Franz Nopcsa was a baron, spy, and paleontologist who was nearly crowned King of Albania. He made many discoveries that were ahead of his time and founded the science of paleobiology. Yet you have likely never heard of him.
Annie Alexander went on several paleontological expeditions in the early 1900’s. These trips highlight the difficulties that women face in the field. I use her story as a backdrop to discuss discrimination in the field today and how in many ways it has not improved since Alexander’s 1905 “Saurian Expedition.”
Annie Alexander loved paleontology and the outdoors. She used her financial acumen to support the paleo program at UC-Berkeley. She is important as one of the earliest American LGBTQIA paleontologists. She loved adventure and exploring the world with her close companion Louise Kellogg.
A dinosaur named Sue shows the complicated history of diversity, inclusion, and cultural awareness in paleontology. Sue was discovered by a woman on Native American land, and her story involves court cases, an FBI raid, and a multimillion dollar auction. Importantly, Sue’s story illustrates the complicated intersection of geosciences and Native American rights.
Shen Kuo wrote about UFOs and the metaphysical in the same text in which he detailed amazing scientific work. Shen’s work “Dream Pool Essays” is more akin to a series of Reddit posts than a scientific journal, but does that make him less of a scientist? Or is our view of science a culturally-biased concept?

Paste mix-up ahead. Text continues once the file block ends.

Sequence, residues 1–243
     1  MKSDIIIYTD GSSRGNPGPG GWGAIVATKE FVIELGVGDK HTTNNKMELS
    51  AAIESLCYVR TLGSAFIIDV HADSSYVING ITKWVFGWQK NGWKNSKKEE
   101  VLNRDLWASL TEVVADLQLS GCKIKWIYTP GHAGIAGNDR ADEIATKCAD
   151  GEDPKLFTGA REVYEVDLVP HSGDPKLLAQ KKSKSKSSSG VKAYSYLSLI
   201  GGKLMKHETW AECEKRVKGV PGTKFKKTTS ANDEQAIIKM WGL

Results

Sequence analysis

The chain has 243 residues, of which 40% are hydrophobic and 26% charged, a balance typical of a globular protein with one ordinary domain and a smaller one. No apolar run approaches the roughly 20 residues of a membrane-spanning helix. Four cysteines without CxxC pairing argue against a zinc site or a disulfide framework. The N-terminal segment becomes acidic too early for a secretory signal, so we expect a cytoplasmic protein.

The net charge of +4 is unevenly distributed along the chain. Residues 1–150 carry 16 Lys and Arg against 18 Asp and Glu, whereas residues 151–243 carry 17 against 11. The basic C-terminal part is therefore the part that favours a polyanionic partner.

Mary Ann Martell may have discovered Iguanodon, but all the credit was given to her husband. She was an amazing paleontologist and illustrator, and this week I briefly discuss her amazing discovery.
Shen Kuo was a talented 11th Century Chinese paleontologist. He wrote at length about sedimentation, geomorphology, marine fossils in mountain peaks and how the distribution of fossil bamboo meant climate had changed through time. He was a foundational paleontologist, and we should know more about him.
I introduce Chinese scientist Shen Kuo who wrote about paleontology in the 11th Century. I then ask “who invented paleontology.” The answer may surprise you.
Anningiae: how gender bias and myth making obscure who the real Mary Anning was. The Anning we celebrate today is based on sexist and classist biases meant to belittle her true scientific accomplishments. Anning was not a simple country woman selling sea shells by the sea shore.
Mary Anning owed her aptitude as a paleontologist to her friends and colleagues. The sexist beliefs of some of these allies also prevented her from reaching her full potential. This week, I look into how Mary’s relationships shaped her and inform us on her real personality.